“Now the avaricious Americans, think that the Lord Jesus Christ will let them off, because his words are no more than the words of a man! In fact, many of them are so avaricious and ignorant, that they do not believe in our Lord and Savior Jesus Christ. Tyrants may think they are so skilled in State affairs is the reason that the government is preserved. But I tell you, that this country would have been given up long ago, was it not for the lovers of the Lord. They are indeed, the salt of the earth. Remove the people of God among the whites, from this land of blood, and it will stand until they cleverly get out of the way.”

from: Article 4 of Appeal to the Coloured Citizens of the World

Whether technically slave or free, ignorance can bind the soul making one into a simultaneous brute and tyrant. Regardless of status, to be lead by vice is to not be at liberty. How many people with much are envious? Wrathful? In despair? Possess a spirit of defeat? Imagine, the consequences of a generation ignorant perhaps even scorning the things of God. To care not for what they ought to do for their fellow man in obedience to Christ. To view others and also themselves as animals, each with their own authority of right. Will giving them knowledge of economy, technology, politics, and/or fine art cure us of this natural state of lashing out in pride and cruelty? Less we think too highly of ourselves, believing to be more moral and enlightened than our ancestors, such knowledge will only be tools for self-destruction in the long-term.

“This I say, therefore, and testify in the Lord, that you should no longer walk as the rest of the Gentiles walk, in the futility of your mind, having their understanding darkened, being alienated from the life of God, because of the ignorance that is in them, because of the blindness of their heart; who, being past feeling, have given themselves over to lewdness, to work all uncleaness with greed.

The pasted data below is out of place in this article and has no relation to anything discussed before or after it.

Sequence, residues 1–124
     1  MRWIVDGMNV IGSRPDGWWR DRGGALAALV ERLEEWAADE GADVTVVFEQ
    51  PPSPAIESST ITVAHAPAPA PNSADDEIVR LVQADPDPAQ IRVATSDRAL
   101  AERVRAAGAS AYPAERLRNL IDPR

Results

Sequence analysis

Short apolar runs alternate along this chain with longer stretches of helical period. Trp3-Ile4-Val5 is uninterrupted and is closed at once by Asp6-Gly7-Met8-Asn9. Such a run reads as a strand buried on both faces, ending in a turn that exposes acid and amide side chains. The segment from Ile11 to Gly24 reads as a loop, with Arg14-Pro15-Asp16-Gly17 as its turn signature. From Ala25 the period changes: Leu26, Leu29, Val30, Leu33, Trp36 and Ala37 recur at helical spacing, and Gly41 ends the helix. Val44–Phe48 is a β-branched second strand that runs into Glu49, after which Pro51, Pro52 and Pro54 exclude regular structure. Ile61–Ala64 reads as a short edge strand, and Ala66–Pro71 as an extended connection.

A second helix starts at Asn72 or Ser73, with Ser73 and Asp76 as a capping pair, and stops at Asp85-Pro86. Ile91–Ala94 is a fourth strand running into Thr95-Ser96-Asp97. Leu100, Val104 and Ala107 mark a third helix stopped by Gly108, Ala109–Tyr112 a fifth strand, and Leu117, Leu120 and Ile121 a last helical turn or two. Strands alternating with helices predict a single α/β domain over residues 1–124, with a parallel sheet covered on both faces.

But you have not so learned Christ, if indeed you have heard Him and have been taught by Him, as the truth is in Jesus: that you put off, concerning your former conduct, the old man which grows corrupt according to the deceitful lusts, and be renewed in the spirit of your mind, and that you put on the new man which was created according to God, in true righteousness and holiness.”

Ephesians 4:17-24

Morality of Modern Science

The title is quite strange. There are advocates of scientific process whom acknowledge it as a human practice. Strangely, there are others who also regard it as the way to human progress. Studying the natural world will eventually rid the world of its ills, that is if the people of the world embrace a scientific literacy to likewise promote said research endeavors. In “A Scientific Society – the Beginnings,” Glenn T. Seaborg, appointed Chair of the United States Atomic Energy Commission in 1961, summarized the relationship between secular science and morals, “Beyond these principles, my confidence in freedom is based upon a personal faith, originating in my interpretation of human experience [history], to which one must appeal when scientific data are lacking or inconclusive.” Yes, science is a fine tool that will change the world for the better, though unlike idealists, there is a recognition that it is subject to individual whims.